"Listen!  One day when I was 4 years old, a boy sneaked up behind when I was drawing a picture in the sand he couldn't draw and hit me on the head with a stick and kicked out my picture and laughed when I cried.  It wasn't what he'd done that made me cry, but him!  I loved and trusted him and suddenly the good God was disproved in his person and the evil and injustice of Man was born! . . ."

Although neither time nor locale are specified for the action of "The Great God Brown," both recall the New London of O'Neill's youth.  Like the autobiographical setting of "Long Day's Journey Into Night" -- New London, 1912 -- "The Great God Brown" has scenes that can be recognized as deriving from the New London of that era.  One of the most moving scenes of the play, for example, takes place in the parlor of the prostitute, Cybel.  The setting, down to the details of a gilt sofa, a red plush chair and an "automatic nickel-in-the-slot player-piano," comes right out of the red-light district of New London's early Nineteen Hundreds.  A number of O'Neill's contemporaries, who helped him to scandalize the proper citizens of that town, have testified to the setting's authenticity.

Cybel's parlor was in a district called Bradley Street, and O'Neill had an intimate knowledge of and deep regard for some of its inhabitants -- not because of the commodity they sold, but because they symbolized for him the solacing, mother-earth quality of Woman.

In "Long Day's Journey Into Night," James Tyrone describes a visit to one of the houses on Bradley Street, and Cybel, the whore with the beautiful soul, the solacer of Man in "The Great God Brown" was, much later, transmuted by O'Neill into Josie Hogan in "A Moon for the Misbegotten," another autobiographical play set in New London and dealing with the last days of Jamie Tyrone.  Cybel is the innocent whore, Josie the sham-whore; both comfort the dying protagonist who represents O'Neill's brother, with patient, selfless, motherly love -- Josie giving solace to Jamie Tyrone, and Cybel to William Brown.

As was the case with nearly all his plays, but particularly with those into which he had poured much of his private anguish, O'Neill was dissatisfied with the original production done thirty-three years ago, even though it was put on under his personal supervision and with the capable assistance of his two good friends, the designer, Robert Edmond Jones, and the former Globe critic, Kenneth Macgowan.  His principal dissatisfaction was with the Greek-inspired use of masks, which he introduced as a major dramatic device for the first time in "The Great God Brown."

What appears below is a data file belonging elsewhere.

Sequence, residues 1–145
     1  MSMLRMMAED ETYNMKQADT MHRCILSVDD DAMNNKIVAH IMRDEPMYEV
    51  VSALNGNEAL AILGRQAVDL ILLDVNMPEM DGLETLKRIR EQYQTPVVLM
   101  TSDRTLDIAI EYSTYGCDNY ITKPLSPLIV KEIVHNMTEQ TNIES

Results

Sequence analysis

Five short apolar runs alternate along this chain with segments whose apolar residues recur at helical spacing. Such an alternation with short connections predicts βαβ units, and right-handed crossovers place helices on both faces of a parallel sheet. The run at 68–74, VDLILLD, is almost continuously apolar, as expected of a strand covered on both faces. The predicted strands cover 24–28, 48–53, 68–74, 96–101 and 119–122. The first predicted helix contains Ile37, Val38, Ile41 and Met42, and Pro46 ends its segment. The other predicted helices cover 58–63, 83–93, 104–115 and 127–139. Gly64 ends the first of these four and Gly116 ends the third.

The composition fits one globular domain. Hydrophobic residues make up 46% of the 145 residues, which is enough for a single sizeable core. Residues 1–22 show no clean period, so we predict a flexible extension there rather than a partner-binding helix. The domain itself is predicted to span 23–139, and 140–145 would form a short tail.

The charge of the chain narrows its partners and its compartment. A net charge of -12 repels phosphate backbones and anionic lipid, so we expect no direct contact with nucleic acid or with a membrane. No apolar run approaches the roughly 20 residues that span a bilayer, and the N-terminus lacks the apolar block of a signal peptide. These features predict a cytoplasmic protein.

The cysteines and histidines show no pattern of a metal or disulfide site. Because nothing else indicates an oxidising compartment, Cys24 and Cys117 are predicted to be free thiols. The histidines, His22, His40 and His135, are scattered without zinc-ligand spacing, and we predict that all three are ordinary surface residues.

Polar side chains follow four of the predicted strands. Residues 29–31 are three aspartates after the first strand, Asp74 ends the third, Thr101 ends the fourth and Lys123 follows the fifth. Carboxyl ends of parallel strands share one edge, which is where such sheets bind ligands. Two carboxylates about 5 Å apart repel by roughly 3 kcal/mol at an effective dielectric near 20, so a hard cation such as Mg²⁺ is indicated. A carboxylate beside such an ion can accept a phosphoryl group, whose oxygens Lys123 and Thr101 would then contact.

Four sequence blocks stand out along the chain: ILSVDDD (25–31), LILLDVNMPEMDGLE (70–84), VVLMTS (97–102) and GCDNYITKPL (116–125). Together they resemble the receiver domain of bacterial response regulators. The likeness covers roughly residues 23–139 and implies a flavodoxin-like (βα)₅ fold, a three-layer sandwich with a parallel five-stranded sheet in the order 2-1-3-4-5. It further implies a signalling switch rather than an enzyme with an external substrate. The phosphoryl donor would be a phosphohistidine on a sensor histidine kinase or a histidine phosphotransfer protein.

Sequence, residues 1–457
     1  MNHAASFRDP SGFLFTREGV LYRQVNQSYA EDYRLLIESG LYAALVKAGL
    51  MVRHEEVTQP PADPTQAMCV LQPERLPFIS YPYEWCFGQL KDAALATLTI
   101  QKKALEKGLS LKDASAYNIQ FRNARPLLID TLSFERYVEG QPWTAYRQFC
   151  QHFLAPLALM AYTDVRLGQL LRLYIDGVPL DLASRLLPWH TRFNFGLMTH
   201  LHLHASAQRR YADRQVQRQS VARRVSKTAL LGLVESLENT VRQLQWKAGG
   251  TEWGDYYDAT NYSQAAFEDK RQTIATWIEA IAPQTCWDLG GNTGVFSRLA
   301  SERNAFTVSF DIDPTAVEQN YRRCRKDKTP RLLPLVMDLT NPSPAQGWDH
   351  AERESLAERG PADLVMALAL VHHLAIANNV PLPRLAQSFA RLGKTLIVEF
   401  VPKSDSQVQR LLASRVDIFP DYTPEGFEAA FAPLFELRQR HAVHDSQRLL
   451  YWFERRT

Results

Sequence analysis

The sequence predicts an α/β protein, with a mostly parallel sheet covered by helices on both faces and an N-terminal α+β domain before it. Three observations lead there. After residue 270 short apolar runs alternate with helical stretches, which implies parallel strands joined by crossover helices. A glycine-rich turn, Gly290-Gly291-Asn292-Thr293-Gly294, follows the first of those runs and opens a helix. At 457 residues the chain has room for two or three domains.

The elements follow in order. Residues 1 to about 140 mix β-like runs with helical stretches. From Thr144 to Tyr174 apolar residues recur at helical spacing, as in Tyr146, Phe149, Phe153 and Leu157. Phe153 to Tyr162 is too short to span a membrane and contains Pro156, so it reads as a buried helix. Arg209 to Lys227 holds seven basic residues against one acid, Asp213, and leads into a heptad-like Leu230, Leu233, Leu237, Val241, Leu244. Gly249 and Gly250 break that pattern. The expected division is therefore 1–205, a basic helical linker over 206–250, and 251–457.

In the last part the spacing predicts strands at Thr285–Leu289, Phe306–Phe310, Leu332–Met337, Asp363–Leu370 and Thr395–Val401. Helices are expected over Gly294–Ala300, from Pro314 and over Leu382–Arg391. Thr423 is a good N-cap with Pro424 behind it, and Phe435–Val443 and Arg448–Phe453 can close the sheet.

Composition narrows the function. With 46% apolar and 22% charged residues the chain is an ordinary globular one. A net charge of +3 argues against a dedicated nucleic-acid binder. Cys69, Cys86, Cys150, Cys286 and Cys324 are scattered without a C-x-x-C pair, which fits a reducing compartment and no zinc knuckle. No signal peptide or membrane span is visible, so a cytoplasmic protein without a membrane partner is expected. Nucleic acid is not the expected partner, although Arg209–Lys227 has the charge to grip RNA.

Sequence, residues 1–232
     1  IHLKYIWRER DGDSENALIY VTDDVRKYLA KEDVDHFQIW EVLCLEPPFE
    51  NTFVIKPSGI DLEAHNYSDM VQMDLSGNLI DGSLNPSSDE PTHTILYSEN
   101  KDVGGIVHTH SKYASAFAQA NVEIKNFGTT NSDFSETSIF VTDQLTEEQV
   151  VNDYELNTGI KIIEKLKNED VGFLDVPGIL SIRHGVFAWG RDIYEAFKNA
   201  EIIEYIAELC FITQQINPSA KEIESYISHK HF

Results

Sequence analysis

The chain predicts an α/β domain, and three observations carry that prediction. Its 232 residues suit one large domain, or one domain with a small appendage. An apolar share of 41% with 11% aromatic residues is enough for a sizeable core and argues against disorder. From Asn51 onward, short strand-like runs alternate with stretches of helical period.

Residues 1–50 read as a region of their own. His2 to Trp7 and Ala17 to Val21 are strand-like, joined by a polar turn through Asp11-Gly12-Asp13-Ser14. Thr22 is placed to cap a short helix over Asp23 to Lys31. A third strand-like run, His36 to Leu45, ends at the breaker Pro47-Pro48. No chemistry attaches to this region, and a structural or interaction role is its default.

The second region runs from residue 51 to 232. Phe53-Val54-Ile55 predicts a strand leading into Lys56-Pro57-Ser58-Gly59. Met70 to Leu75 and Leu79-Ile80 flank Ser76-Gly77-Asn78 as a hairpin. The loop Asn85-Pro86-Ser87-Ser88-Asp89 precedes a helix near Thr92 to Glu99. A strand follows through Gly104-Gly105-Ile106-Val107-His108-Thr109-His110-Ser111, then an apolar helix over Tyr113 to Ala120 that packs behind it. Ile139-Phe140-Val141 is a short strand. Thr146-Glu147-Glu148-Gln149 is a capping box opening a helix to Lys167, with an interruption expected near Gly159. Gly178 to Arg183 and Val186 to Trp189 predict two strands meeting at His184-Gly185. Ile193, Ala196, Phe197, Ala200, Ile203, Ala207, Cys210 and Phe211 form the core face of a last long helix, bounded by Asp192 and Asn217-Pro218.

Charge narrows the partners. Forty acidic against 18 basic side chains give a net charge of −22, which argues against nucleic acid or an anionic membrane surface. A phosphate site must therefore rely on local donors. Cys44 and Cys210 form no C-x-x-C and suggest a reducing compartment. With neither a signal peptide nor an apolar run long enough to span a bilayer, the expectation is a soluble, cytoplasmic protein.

"They were never right," he wrote a friend in 1927, "and we had neither the time nor the money to experiment and get them right before we opened -- the old story that prevents anything really fine from ever being done in the American theatre!"

He had wanted the masks, he said, "to get across the abstract drama of the forces behind the people," and instead, they suggested "only the bromidic, hypocritical and defensive double-personality of people in their personal relationships," something, he added, which he would never have needed masks to convey.  He had wanted them to convey the mystery of life, and they had turned out to be merely a confining stage trick.

Symbolical Name

Few people understood, at the time of the production, that the name, Dion Anthony, symbolized Dionysus and St. Anthony -- in O'Neill's words, "the creative pagan acceptance of life, fighting eternal war with the masochistic, life-denying spirit of Christianity . . ."  Cybel, he added, was an incarnation of the mythological Cybele, the Earth Mother.

Although O'Neill did not feel the production had achieved what he set out to do, he followed its success at the box office cheerfully enough.  It ran for nearly eight months, a good run in those days, having been moved uptown from the Greenwich Village Theatre about a month after its opening there on Jan. 23, 1926.

O'Neill had recently bought a house in Bermuda, and he was living better than he ever had before; in one of his lighter moments during that period he indicated that he was willing to overlook the fact that his play was not "getting across" with its full, symbolic value, and to concentrate simply on whether it was drawing a good audience.

"Come on, you 'Brown'!" he wrote one of his production associates from Bermuda.  "Daddy needs a yacht!"